20. It's been quite some time since I have been back on the forums! About eight weeks to be exact I think. It have been keeping myself moving and progressing with life - I hate the word busy after watching a TED talk on it being "the biggest excuse in the English language." It's so true though. Several people I have spoken to at work when they complain they are busy and can't achieve everything, I ask them, "what time did you get up in the morning?" or "how many hours did you sit in front of the TV today?" The answer mostly is along the lines of a) twenty minutes before work after hitting the snooze button three times, and b) 'only' 3 hours. When I hear someone say "I'm too busy right now", my brain instantly translates that to "This is not a priority for me." That's cool, we can't prioritise everything in life, in fact we need to choose when and where to be bad at something in order to focus on our priorities (eg I choose to be bad at sports so I can prioritise running, or I choose to be bad at social conversation about news or TV shows so I can prioritise my family), we need the awareness to accept that instead of simply complaining, which is the path of least resistance (and therefore most chosen). Going to work hard on rebuilding a routine of coming back onto the forums for at least 30 minutes a day, I found that when I was reading over journals and engaging in discussion here, it was when my personal development was at its highest. It hasn't been non-existent while I have been away, but has definitely slowed. It makes it a bit difficult when the "peer" group of posters/quitters that were around during my detox have all disappeared/moved on. I hope they are all doing well. I have brought my Marathon count up to 15 now. I am loving these virtual medals, it really encourages me to push through the pain barrier and bonking. If anyone is after a great motivation tool, you can find them here at http://www.virtualrunner.com.au.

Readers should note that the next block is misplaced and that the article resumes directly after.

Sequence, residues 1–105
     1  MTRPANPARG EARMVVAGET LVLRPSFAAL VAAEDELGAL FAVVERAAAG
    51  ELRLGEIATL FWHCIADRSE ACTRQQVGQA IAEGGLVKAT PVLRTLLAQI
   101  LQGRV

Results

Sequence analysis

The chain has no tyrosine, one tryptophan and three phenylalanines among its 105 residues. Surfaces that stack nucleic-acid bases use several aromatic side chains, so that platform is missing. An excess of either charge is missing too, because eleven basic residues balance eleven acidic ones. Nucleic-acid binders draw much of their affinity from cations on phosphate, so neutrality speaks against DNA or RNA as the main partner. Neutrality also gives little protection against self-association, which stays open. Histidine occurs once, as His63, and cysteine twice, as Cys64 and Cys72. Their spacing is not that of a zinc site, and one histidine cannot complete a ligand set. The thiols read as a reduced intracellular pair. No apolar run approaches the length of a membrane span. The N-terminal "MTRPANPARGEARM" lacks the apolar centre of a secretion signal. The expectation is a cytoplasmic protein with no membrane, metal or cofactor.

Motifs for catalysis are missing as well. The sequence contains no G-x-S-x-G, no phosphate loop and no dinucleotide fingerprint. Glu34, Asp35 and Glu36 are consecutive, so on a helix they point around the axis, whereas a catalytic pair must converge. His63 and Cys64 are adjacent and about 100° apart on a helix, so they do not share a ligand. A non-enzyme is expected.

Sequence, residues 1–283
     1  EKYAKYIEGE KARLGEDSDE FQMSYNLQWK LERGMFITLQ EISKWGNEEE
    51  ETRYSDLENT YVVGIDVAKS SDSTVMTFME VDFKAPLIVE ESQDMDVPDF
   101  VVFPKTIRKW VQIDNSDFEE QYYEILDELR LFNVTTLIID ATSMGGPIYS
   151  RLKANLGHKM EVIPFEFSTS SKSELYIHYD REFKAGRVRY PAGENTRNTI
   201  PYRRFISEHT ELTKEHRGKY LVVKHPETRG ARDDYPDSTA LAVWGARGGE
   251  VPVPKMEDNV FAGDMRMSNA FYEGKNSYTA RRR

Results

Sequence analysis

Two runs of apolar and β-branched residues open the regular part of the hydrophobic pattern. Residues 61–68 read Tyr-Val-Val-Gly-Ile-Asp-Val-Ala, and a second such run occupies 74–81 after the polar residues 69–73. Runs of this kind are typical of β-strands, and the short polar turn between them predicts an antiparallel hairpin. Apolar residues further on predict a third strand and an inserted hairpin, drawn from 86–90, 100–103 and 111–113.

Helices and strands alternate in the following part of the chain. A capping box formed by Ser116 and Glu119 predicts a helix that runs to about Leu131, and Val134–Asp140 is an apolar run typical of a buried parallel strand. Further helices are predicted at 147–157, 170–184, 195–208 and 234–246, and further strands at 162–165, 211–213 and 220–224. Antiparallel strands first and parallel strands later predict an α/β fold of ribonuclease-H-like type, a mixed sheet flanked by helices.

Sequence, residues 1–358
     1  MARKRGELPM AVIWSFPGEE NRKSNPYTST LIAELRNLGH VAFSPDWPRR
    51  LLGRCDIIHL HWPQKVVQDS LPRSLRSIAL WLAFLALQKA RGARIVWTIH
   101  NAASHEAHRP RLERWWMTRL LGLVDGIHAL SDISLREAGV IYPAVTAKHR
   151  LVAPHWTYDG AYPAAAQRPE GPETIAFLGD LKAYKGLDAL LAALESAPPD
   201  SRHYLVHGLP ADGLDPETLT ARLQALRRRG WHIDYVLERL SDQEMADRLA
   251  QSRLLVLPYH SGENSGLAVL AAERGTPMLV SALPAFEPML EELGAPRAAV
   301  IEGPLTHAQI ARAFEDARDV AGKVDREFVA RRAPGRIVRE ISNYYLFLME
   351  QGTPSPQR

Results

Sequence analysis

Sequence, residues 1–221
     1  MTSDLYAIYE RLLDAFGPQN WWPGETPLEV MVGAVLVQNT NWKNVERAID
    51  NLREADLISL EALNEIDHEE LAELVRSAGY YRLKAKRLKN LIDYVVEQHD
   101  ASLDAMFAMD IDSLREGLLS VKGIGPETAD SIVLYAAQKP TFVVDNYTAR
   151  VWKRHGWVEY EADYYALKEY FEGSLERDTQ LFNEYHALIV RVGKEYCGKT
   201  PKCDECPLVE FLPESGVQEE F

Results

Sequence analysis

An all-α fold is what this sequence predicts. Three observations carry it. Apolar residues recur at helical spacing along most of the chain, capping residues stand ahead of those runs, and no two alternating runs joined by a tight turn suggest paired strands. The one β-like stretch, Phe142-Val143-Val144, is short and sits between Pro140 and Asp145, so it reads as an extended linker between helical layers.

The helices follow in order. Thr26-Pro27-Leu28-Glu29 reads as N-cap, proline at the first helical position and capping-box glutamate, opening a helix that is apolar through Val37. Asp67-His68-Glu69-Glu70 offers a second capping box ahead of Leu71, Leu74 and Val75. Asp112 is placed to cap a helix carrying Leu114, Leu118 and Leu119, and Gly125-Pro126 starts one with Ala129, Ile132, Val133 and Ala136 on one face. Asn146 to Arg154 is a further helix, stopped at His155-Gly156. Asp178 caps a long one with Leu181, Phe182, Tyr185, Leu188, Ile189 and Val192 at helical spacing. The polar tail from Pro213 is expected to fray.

21. Boredom is an interesting frame of mind. Life isn't boring - there is so many things to do, from the productive to the relaxing/meditative, but rather if you want tasks or enjoying to fall into your lap, then when it doesn't happen you think life is "boring". I have found the less and less I use technology the less boring I have found life - there is such a great feeling from just being in the moment.
  22. Don't get hung up on this. There are millions of people who can manage alcohol but a portion who are alcoholics. Same with pain killers. Or porn. For some people the right buttons get triggered and you just can't turn it off. By bringing yourself down about it and wondering "why can't I deal with this?" achieves nothing. What makes this mindset even worse is those people who can manage it properly looking down on you and thinking you're a second-grade person. Ultimately, those people just lack emotional intelligence, something that if you follow this path to the end, you'll be well on your way to achieving to a high level, because you will confront your feelings or thoughts head on rather than hiding from them and stagnating.
  23. Hey TSL, I'm glad to see you keep getting back up and dusting yourself off after each hiccup rather than giving up, that's great! That's the Aussie Battler spirit 😉 If 90 days seems daunting, look at it in smaller chunks. Once you break through ~20 days you'll have a totally new routine that you will begin to wonder where you had time for gaming, and if you maintain that momentum it's all downhill from there.
  24. I ran 11km last night and 10km this morning. Spending the day time with my family and contemplating doing another 10km tonight if it stops raining! Tomorrow is the first day I've had to myself with no commitments for 2019, so not sure what I'll do with it. Maybe a early morning marathon? 😁 I think it might be time for GameQuitters first spin-off website, RunningQuitters! What do you think @Cam Adair?